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Thoracic Spine Self-Administered Mobilization

Thoracic Spine Self-Administered Mobilization is a gentle, simple form of rehabilitative exercise for the chest and middle part of the back region. It involves actively moving the thoracic spine joints through a variety of predefined stretching and rolling motions. These exercises involve focussing on stretches that target the thoracic spine, helping to improve the flexibility of the joints and surrounding muscles to reduce pain, improve posture and mobility, and increase overall spinal health. With regular use

Transcript

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This is Brent, President of B2C Fitness, talking
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about self-administered, static release techniques
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for upper body musculature.
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So this is for anybody with that common upper body dysfunction.
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The first muscle we're going to start with is our rhomboids,
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I'm going to have Leanne come out and help me demonstrate this exercise.
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So, first things first, a little anatomy lesson. So our rhomboids fall right in between our scapula,
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connecting to our vertebral border, our medial border of our scapula, into our spine.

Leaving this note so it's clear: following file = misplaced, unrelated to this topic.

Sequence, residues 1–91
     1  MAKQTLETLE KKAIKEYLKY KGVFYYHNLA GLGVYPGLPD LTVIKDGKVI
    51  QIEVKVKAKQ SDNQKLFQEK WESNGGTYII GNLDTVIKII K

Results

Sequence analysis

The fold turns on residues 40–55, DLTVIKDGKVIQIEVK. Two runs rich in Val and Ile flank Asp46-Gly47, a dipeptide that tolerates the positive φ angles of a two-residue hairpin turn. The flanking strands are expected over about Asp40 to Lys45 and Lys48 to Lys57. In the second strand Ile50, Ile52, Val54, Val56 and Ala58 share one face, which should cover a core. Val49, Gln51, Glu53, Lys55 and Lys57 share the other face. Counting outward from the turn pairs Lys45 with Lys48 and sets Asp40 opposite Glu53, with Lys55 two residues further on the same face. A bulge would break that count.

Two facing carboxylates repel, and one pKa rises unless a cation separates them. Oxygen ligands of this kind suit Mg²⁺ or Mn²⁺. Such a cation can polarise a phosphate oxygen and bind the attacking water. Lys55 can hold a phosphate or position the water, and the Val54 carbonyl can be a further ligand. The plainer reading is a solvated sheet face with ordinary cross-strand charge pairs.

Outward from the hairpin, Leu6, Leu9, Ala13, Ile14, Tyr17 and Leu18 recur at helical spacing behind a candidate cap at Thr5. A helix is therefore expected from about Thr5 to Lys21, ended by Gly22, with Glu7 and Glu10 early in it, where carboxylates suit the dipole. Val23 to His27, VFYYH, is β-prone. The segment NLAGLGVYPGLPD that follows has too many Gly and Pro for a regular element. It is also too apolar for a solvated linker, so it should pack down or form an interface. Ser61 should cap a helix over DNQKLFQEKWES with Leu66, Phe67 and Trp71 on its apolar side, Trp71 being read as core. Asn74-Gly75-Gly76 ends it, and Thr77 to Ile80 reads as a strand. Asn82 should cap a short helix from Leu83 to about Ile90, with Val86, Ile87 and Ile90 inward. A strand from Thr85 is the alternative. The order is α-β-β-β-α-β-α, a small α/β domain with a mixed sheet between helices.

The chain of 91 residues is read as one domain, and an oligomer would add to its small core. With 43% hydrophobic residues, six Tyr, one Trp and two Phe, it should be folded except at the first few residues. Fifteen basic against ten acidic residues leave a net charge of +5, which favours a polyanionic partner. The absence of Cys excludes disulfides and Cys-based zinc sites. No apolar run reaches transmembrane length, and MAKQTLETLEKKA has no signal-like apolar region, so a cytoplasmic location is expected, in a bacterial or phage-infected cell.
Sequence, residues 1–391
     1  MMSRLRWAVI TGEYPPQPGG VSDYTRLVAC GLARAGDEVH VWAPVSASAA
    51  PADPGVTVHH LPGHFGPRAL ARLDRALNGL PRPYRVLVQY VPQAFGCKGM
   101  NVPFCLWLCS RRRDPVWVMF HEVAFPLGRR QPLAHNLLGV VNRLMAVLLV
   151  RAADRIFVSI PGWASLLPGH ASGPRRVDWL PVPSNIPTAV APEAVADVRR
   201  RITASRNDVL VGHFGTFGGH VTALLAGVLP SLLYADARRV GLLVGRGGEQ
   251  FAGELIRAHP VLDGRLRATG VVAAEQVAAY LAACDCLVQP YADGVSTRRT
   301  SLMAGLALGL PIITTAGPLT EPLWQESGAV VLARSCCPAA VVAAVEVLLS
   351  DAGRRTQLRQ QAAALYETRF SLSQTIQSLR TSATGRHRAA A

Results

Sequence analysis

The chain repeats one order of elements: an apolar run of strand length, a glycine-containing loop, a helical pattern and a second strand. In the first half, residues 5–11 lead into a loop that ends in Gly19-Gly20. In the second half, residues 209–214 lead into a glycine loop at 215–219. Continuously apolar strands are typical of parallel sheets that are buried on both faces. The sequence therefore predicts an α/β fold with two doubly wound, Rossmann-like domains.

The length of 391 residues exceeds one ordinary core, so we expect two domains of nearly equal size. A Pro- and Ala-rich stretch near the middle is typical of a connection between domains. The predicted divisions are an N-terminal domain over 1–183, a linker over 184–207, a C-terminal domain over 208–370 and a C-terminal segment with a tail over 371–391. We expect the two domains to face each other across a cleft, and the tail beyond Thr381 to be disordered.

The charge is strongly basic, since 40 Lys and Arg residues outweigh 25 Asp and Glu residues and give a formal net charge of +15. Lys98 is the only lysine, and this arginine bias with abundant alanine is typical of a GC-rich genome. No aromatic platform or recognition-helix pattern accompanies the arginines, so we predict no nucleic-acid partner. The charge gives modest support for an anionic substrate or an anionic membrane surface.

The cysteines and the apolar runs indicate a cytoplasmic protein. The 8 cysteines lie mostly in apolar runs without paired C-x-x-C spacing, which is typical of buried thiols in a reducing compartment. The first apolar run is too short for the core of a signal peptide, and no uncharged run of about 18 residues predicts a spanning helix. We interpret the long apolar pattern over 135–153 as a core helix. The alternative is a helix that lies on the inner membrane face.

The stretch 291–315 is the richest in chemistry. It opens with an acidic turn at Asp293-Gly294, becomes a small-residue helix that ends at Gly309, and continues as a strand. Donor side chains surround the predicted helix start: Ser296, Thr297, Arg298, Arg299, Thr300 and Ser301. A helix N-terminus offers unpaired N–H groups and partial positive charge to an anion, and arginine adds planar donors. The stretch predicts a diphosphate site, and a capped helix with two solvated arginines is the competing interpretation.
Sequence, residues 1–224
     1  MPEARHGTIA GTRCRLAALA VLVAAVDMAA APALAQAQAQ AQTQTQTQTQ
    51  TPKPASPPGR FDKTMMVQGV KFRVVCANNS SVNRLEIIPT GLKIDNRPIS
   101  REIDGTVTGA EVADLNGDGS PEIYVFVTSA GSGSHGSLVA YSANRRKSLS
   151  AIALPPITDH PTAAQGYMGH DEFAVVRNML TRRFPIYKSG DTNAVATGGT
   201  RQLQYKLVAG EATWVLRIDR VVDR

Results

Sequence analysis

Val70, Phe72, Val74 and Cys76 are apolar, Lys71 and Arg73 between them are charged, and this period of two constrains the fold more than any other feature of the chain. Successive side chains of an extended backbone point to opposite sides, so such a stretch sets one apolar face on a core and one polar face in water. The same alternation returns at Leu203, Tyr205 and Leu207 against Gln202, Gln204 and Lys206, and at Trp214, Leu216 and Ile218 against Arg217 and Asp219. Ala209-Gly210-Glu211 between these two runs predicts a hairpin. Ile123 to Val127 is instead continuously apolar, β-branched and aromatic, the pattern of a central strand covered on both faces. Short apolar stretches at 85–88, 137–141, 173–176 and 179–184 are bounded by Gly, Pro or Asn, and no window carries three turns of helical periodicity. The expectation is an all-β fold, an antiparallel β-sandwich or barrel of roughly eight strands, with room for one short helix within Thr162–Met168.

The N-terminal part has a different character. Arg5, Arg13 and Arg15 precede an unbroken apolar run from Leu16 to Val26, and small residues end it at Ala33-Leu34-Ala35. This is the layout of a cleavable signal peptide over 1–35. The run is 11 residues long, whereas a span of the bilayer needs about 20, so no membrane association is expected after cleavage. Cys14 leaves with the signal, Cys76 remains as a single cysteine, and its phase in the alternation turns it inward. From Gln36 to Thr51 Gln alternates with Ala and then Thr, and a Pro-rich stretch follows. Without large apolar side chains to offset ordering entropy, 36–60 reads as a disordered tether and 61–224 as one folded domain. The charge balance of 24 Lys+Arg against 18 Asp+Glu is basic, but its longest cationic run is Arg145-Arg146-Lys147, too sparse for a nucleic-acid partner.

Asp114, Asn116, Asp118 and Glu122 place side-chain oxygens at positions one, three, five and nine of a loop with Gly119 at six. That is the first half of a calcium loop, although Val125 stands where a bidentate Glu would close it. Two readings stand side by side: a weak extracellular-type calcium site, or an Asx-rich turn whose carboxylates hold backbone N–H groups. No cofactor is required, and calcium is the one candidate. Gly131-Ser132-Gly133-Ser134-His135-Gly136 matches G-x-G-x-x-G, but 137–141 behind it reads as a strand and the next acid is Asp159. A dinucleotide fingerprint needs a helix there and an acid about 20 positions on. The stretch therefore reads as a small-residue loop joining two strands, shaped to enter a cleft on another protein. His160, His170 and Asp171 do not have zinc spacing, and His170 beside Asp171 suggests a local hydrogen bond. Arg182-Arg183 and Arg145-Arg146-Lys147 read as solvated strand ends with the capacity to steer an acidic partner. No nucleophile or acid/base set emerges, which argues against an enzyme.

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So we're going to try and foam roll this area right in here.
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I'm going to to have Leanne go ahead and lay back
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over this foam roll, making sure she watches out for her hair,
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people will get their hair caught, because as they roll back it'll go under.
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You're going to go ahead and put your hands behind your head.
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In order to get her scapula out of the way, right now her scapula are closed in, close
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to her spine, we want to get them as far apart
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so we can to get to those rhomboids, I'm going to have her, I'm going to have her bring her
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elbows together, and she's now going to search the length of her rhomboids
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which is going to be from basically the top of her scapula to the bottom,
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find that most tender point,
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when she finds that tender point she's going to go ahead and drop her butt down,
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get in a comfortable position, and roll back.
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Good. Since Leanne is a little smaller, we're going
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to go ahead and help her out here, give her something to lean her head back on
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so she's not totally bent backwards over
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this foam roll. Now, when she's held this for 30-60 seconds
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and feels release, this technique is done.
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So once again this was static, self-administered
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release for the rhomboids which have a propensity to get tight in upper body
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dysfunction as a downward rotator of the scapula.